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Clin Epigenetics. 2018 Jun 4;10:75. doi: 10.1186/s13148-018-0507-y. eCollection 2018.

Promoter methylation of the MGAT3 and BACH2 genes correlates with the composition of the immunoglobulin G glycome in inflammatory bowel disease.

Author information

1
1Department of Biology, Division of Molecular Biology, Faculty of Science, University of Zagreb, Horvatovac 102a, 10000 Zagreb, Croatia.
2
2Gastrointestinal Unit, Centre for Genomics and Molecular Medicine, University of Edinburgh, Edinburgh, EH4 6XU UK.
3
Genos Glycoscience Research Laboratory, Borongajska cesta 83h, 10000 Zagreb, Croatia.
4
5IBD Pharmacogenetics, University of Exeter, Exeter, UK.
5
10Translational Gastroenterology Unit, Nuffield Department of Medicine, University of Oxford, Oxford, UK.
6
6Institute of Molecular Pathology and Immunology of the University of Porto (IPATIMUP), Porto, Portugal.
7
7Department of Medical and Surgical Sciences, Division of Gastroenterology, University Hospital Careggi, Florence, Italy.
8
Department of Medical Sciences, Division of Gastroenterology, IRCCS-CSS Hospital, Viale Cappuccini, Rotondo, Italy.
9
9Gastrointestinal Unit, University of Padua, Padua, Italy.
10
4Faculty of Pharmacy and Biochemistry, University of Zagreb, Zagreb, Croatia.
#
Contributed equally

Abstract

Background:

Many genome- and epigenome-wide association studies (GWAS and EWAS) and studies of promoter methylation of candidate genes for inflammatory bowel disease (IBD) have demonstrated significant associations between genetic and epigenetic changes and IBD. Independent GWA studies have identified genetic variants in the BACH2, IL6ST, LAMB1, IKZF1, and MGAT3 loci to be associated with both IBD and immunoglobulin G (IgG) glycosylation.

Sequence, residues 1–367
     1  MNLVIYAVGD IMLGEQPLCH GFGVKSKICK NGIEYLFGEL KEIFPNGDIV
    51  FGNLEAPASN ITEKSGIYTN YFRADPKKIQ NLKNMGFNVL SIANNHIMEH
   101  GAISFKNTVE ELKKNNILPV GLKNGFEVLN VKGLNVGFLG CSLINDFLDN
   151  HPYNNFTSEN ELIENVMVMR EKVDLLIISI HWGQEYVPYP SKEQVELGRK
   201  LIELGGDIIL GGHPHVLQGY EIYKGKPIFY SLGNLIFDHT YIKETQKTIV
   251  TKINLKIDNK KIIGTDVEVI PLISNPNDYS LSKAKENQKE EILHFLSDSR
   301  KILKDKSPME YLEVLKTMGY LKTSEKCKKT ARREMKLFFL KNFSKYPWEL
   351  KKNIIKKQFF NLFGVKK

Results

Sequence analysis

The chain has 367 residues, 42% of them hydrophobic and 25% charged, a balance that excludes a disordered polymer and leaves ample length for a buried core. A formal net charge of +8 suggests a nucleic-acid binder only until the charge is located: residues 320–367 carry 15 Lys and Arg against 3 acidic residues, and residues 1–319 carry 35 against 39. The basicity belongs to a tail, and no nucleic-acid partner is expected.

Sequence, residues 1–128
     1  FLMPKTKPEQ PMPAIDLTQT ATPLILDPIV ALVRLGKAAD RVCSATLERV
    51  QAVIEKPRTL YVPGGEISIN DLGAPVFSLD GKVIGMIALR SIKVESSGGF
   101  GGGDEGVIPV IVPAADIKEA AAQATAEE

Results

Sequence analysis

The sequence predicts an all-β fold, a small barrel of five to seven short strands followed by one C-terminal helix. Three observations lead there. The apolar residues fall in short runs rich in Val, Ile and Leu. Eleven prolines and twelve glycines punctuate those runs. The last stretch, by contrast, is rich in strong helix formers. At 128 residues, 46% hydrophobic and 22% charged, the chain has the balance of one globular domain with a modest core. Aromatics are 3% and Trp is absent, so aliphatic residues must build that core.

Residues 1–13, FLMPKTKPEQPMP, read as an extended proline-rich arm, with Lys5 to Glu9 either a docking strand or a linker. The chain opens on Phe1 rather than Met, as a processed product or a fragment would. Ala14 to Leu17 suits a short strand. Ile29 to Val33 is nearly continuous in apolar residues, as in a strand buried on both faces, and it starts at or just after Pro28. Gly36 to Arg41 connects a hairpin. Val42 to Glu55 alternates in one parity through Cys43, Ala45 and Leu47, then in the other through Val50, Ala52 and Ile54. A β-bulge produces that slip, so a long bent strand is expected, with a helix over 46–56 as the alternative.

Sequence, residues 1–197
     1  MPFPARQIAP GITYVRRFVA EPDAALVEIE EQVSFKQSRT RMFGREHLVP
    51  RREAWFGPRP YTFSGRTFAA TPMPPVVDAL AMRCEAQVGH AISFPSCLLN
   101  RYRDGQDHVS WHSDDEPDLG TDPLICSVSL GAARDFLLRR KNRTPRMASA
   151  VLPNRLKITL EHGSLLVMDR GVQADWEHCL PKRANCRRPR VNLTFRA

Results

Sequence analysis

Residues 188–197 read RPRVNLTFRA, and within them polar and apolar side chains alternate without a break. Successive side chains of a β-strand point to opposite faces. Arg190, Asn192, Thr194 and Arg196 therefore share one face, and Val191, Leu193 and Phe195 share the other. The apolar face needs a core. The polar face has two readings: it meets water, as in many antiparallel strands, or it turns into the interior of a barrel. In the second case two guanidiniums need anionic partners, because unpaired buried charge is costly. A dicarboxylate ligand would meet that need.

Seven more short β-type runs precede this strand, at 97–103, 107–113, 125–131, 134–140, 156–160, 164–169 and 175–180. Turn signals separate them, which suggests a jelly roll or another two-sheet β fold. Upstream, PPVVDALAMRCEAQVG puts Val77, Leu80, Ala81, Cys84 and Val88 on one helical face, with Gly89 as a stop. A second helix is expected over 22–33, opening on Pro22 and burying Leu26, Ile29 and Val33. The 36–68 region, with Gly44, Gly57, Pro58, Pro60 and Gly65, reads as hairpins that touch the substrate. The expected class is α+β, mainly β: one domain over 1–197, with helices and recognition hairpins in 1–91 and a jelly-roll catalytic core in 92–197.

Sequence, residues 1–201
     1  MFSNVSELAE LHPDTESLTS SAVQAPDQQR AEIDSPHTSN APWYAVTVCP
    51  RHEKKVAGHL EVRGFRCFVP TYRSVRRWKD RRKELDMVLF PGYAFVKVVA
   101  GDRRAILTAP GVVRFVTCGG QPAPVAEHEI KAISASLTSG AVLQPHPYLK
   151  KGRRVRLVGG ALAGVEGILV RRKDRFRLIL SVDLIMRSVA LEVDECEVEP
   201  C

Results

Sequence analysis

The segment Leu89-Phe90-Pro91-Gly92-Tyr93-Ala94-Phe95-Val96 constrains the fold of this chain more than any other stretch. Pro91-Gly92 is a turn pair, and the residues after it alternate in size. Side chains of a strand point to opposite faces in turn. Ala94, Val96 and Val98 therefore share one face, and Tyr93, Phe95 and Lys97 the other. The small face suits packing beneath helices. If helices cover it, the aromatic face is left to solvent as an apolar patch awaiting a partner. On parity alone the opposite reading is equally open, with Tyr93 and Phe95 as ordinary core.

Methods:

Using bisulfite pyrosequencing, we analyzed CpG methylation in promoter regions of these five genes from peripheral blood of several hundred IBD patients and healthy controls (HCs) from two independent cohorts, respectively.

Results:

We found significant differences in the methylation levels in the MGAT3 and BACH2 genes between both Crohn's disease and ulcerative colitis when compared to HC. The same pattern of methylation changes was identified for both genes in CD19+ B cells isolated from the whole blood of a subset of the IBD patients. A correlation analysis was performed between the MGAT3 and BACH2 promoter methylation and individual IgG glycans, measured in the same individuals of the two large cohorts. MGAT3 promoter methylation correlated significantly with galactosylation, sialylation, and bisecting GlcNAc on IgG of the same patients, suggesting that activity of the GnT-III enzyme, encoded by this gene, might be altered in IBD. The correlations between the BACH2 promoter methylation and IgG glycans were less obvious, since BACH2 is not a glycosyltransferase and therefore may affect IgG glycosylation only indirectly.

Conclusions:

Our results suggest that epigenetic deregulation of key glycosylation genes might lead to an increase in pro-inflammatory properties of IgG in IBD through a decrease in galactosylation and sialylation and an increase of bisecting GlcNAc on digalactosylated glycan structures. Finally, we showed that CpG methylation in the promoter of the MGAT3 gene is altered in CD3+ T cells isolated from inflamed mucosa of patients with ulcerative colitis from a third smaller cohort, for which biopsies were available, suggesting a functional role of this glyco-gene in IBD pathogenesis.

PMID:
29991969
PMCID:
PMC5987481
DOI:
10.1186/s13148-018-0507-y
[Indexed for MEDLINE]
Free PMC Article

Conflict of interest statement

For the Edinburgh and Florence cohorts, ethical approvals were obtained from Tayside Committee on Medical Ethics B, and all patients and controls provided written, informed consent (LREC 06/S1101/16, LREC 2000/4/192). For the patients from Portugal, all clinical procedures and research protocols were approved by the ethics committee of CHP/HSA, Portugal (233/12(179-DEFI/177-CES); all participants gave their informed consent.The authors declare that they have no competing interests.Springer Nature remains neutral with regard to jurisdictional claims in published maps and institutional affiliations.

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